Shell Oil ceases Alaska offshore Arctic drilling

FILE - In this April 17, 2015 file photo, with the Olympic Mountains in the background, a small boat crosses in front of the Transocean Polar Pioneer, a semi-submersible drilling unit that Royal Dutch Shell leases from Transocean Ltd., as it arrives in Port Angeles, Wash., aboard a transport ship after traveling across the Pacific before its eventual Arctic destination. The U.S. government on Monday gave Shell the final permit it needs to drill for oil in the Arctic Ocean off Alaska's northwest coast for the first time in more than two decades. (Daniella Beccaria/seattlepi.com via AP, File) MAGS OUT; NO SALES; SEATTLE TIMES OUT; TV OUT; MANDATORY CREDIT

ANCHORAGE, Alaska (AP) — Royal Dutch Shell will cease exploration in Arctic waters off Alaska’s coast following disappointing results from an exploratory well it just completed.

Shell found indications of oil and gas in the well in the Chukchi Sea about 80 miles off Alaska’s northwest coast, the company said Monday in a release from The Hague, Netherlands. However, the petroleum was not in quantities sufficient to warrant additional exploration in that portion of the basin, the company said.

An activist looks towards the rising sun as she hangs from the St. Johns bridge as part of a protest to block the Royal Dutch Shell PLC icebreaker Fennica from leaving for Alaska in Portland, Ore., Thursday, July 30, 2015. The icebreaker, which is a vital part of Shell's exploration and spill-response plan off Alaska's northwest coast, stopped short of the hanging blockade, turned around and sailed back to a dock at the Port of Portland. (AP Photo/Don Ryan)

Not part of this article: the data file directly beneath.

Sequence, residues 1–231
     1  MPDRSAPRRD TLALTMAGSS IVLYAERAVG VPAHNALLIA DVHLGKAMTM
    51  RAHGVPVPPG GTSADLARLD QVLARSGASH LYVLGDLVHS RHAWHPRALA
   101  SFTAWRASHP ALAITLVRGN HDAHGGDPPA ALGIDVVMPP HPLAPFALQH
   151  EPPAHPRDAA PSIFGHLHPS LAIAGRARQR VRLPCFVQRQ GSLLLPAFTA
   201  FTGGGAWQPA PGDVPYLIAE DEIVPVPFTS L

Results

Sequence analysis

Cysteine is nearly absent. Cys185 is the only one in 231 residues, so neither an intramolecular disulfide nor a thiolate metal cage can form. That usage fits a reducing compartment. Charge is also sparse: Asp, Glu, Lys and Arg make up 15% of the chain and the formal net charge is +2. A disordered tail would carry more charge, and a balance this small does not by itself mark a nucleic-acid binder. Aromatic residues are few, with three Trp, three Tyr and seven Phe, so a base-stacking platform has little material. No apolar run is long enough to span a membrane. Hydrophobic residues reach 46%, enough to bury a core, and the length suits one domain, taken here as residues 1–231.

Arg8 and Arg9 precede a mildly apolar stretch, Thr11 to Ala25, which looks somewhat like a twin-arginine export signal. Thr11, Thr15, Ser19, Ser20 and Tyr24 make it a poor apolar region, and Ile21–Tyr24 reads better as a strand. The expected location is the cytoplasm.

An activist looks towards the rising sun as she hangs from the St. Johns bridge as part of a protest to block the Royal Dutch Shell PLC icebreaker Fennica from leaving for Alaska in Portland, Ore., Thursday, July 30, 2015. The icebreaker, which is a vital part of Shell’s exploration and spill-response plan off Alaska’s northwest coast, stopped short of the hanging blockade, turned around and sailed back to a dock at the Port of Portland. (AP Photo/Don Ryan)

Shell will end exploration off Alaska “for the foreseeable future,” the company said. “Shell continues to see important exploration potential in the basin, and the area is likely to ultimately be of strategic importance to Alaska and the U.S.,” said Marvin Odum, president of Shell USA, in the announcement. “However, this is a clearly disappointing exploration outcome for this part of the basin.”

The decision reflects the results of the exploratory well in the Burger J lease, the high costs associated with Alaska offshore drilling and the challenging and unpredictable federal regulatory environment in offshore Alaska, the company said.

Shell has spent upward of $7 billion on Arctic offshore development in the Chukchi and Beaufort seas.

Monday was Shell’s final day to drill this year in petroleum-bearing rock under its federal permit. Regulators required Shell to stop a month before sea ice is expected to re-form in the lease area.

The company reached a depth of 6,800 feet with the exploratory well drilling in about 150 feet of water.

Environmental groups oppose Arctic offshore drilling and say industrial activity and more greenhouse gases will harm polar bears, walrus and ice seals.

Over the summer, protesters in kayaks unsuccessfully tried to block Arctic-bound Shell vessels in Seattle and Portland, Oregon.

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